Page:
(M. Kurihara et al.). Effect of heat exposure on the methane emission from expiratory gas in sheep fed
with high concentrate diets (T. Takahashi et al.). Effects of ¦Â 1-4 galacto-oligosaccharide(GOS) and Candida
kefyr on nitrate-induced methaemoglobinemia and methane emission in sheep (C. Sar et al.). Methane
emission and nitrogen excretion by goats fed tropical byproducts based pelleted diet (M. Islam et al.).
Development of nutritional management for controlling methane emissions from ruminants in Southeast Asia
(S. Shioya et al.). In vitro inhibition of microbial methane production by chemicals (N. Mohammed et al.).
Effects of lactic acid bacteria, yeasts and galactooligosaccharide supplementation on in vitro rumen methane
production (Y. Gamo et al.).
Part 3. Bio-energy from agricultural bio-mass.
The current status of anaerobic digestion in China (R. Dong et al.). Manure and biowaste digestion in
Germany - history, trends, and practical verification (G. Langhans). Large scale manure based biogas
plant in Denmark configuration and operational experience (L. Ellegaard). Reuse of fibrous agricultural
biomass for energy resources by methane fermentation (A. Odaet al.). Biogas production from unconsumed
milk - Reduction of CO2 emission by utilization of unconsumed foodstuff (Y. Kitamura et al.). How the Biogas
Plants based on the Manure in E.U. work in practice (H. Soma). Bioenergy supply potential and bioenergy
utilization costs (H. Yamamoto et al.). The biogas plant using animal effluent as fuel (Y. Nagamori et al.).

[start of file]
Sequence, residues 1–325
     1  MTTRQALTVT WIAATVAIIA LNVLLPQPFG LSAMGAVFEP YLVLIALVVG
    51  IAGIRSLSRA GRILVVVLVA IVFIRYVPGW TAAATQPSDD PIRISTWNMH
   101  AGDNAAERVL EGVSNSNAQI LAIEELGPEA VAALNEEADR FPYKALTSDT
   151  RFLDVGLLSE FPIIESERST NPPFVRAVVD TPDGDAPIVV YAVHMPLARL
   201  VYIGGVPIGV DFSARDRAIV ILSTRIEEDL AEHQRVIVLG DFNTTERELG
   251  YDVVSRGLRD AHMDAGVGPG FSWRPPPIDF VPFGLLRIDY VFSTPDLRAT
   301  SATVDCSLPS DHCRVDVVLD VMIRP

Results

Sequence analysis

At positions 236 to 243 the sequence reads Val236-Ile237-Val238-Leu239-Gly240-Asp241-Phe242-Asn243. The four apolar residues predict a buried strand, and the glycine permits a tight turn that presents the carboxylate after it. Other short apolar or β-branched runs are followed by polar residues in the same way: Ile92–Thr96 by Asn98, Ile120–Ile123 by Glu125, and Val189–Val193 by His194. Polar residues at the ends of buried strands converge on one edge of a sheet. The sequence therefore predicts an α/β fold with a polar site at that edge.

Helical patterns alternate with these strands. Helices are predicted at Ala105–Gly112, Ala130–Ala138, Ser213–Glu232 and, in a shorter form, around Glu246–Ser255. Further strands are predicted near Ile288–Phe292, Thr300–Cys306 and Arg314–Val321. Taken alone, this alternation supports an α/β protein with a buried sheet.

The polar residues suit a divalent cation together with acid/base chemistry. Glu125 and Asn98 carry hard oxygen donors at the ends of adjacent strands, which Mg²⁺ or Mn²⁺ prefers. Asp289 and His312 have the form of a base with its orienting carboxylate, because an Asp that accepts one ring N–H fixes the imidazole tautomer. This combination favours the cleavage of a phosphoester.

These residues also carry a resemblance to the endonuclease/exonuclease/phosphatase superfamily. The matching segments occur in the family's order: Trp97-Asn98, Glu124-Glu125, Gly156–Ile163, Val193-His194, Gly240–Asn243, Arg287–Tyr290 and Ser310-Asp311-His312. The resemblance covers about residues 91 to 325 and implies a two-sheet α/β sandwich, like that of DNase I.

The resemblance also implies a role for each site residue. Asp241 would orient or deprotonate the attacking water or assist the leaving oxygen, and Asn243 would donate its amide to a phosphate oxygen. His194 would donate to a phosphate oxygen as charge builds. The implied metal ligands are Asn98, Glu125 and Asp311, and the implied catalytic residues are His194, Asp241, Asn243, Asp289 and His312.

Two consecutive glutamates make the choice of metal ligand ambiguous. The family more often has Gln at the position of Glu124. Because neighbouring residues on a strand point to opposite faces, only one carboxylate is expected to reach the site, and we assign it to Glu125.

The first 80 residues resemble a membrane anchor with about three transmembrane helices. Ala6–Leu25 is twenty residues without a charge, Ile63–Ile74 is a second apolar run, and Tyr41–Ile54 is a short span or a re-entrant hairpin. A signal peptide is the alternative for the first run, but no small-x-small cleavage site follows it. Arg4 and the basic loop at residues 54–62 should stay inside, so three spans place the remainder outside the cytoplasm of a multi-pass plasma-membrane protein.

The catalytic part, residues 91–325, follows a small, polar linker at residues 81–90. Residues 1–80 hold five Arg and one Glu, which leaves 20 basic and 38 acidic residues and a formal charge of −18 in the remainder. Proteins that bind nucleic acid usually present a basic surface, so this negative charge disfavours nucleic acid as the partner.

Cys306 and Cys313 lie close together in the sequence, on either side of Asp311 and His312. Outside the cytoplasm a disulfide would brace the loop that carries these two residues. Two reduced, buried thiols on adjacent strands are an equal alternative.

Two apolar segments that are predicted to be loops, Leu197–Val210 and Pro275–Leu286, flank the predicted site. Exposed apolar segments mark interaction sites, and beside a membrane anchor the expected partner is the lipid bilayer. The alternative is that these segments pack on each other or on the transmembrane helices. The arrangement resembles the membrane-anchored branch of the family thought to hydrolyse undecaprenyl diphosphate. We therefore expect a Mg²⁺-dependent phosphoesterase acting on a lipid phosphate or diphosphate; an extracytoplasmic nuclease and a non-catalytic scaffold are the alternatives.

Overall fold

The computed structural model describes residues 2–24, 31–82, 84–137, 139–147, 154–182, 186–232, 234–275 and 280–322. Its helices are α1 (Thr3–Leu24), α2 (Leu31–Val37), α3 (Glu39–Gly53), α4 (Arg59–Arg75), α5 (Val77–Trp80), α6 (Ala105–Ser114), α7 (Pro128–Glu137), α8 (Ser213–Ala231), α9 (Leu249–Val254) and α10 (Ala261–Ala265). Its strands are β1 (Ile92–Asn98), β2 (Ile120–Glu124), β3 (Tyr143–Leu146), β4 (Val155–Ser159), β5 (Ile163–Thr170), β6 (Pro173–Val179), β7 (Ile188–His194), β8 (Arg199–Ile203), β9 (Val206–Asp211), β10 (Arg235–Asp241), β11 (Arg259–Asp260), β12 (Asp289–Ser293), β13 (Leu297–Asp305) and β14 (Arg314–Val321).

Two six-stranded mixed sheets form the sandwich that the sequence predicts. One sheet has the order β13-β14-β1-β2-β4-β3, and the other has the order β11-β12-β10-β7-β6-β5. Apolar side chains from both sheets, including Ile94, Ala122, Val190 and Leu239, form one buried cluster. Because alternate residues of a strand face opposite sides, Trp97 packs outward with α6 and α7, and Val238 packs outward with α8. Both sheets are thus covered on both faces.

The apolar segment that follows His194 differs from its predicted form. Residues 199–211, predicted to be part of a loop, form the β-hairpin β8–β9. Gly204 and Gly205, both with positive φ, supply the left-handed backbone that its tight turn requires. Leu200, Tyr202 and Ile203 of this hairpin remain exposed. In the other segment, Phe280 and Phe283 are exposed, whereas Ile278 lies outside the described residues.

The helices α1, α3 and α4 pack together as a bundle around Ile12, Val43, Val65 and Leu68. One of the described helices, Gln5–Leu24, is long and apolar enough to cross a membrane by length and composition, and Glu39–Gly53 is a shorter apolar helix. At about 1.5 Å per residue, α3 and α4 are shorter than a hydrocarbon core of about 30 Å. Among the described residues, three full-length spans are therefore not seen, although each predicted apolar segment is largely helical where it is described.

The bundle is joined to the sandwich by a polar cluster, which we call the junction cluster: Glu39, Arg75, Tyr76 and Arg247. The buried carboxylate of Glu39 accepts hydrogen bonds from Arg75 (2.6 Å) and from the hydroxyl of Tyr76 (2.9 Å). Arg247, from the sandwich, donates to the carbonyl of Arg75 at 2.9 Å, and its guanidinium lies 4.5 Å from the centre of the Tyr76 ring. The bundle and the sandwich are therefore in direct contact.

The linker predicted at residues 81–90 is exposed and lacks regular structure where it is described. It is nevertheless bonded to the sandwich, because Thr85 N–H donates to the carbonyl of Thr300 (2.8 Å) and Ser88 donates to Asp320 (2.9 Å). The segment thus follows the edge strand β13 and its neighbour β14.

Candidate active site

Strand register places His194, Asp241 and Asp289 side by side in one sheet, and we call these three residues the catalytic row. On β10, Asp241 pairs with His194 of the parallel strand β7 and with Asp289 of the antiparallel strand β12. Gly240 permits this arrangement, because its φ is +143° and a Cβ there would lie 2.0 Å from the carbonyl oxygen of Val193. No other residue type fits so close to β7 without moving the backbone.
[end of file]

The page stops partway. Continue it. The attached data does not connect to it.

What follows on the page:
Environmental load gas emissions from swine waste treatment (T. Osada, K. Haga). Hydrogen production
from biogas through steam reforming followed by water gas shift reaction and purification with selective
oxidation reaction (Z.G. Zhanget al.).
Part 4. Processing and use of bio-mass for soil rehabilitation.
Ammonia emissions from composting of livestock manure (J. Matsuda et al.). Compost processing organic
waste for recycling (P. Pittaway). Status and prospects of manure management in Japan-composting
approaches (K. Nishizaki). Evaluation of the chamber system for gas measuring from the livestock waste
compost (T. Osada, Y. Fukumoto). Methane emission from dairy cow and swine manure slurries stored at
10¡ãC and 15¡ãC (D.I. Mass¨¦ et al.). Ammonia assimilating microorganisms in animal manure treatment
processes (Y. Nakai et al.). Controlled traffic effects on soil injection of organic waste injection (J.N. Tullberg).
Factors of soil-machine resistance and soil compaction at the operation of animal effluent application
(T. Kishimotoet al.). Fertilizer value of anaerobically co-digested dairy manure and food processing wastes
(K. Umetsu et al.). Current situation on cattle wastes and their efficient use for reducing the risk of
environmental pollution from dairy farming in Hokkaido, Japan (T. Matsunaka). Soil rehabilitation using
livestock and organic wastes (G. Xiao et al.).
Edited by J. Takahashi, Department of Animal Science, Obihiro University of Agriculture and Veterinary
Medicine, Obihiro, Hokkaido, Japan; and B. A. Young, The University of Queensland, Gatton, Queensland,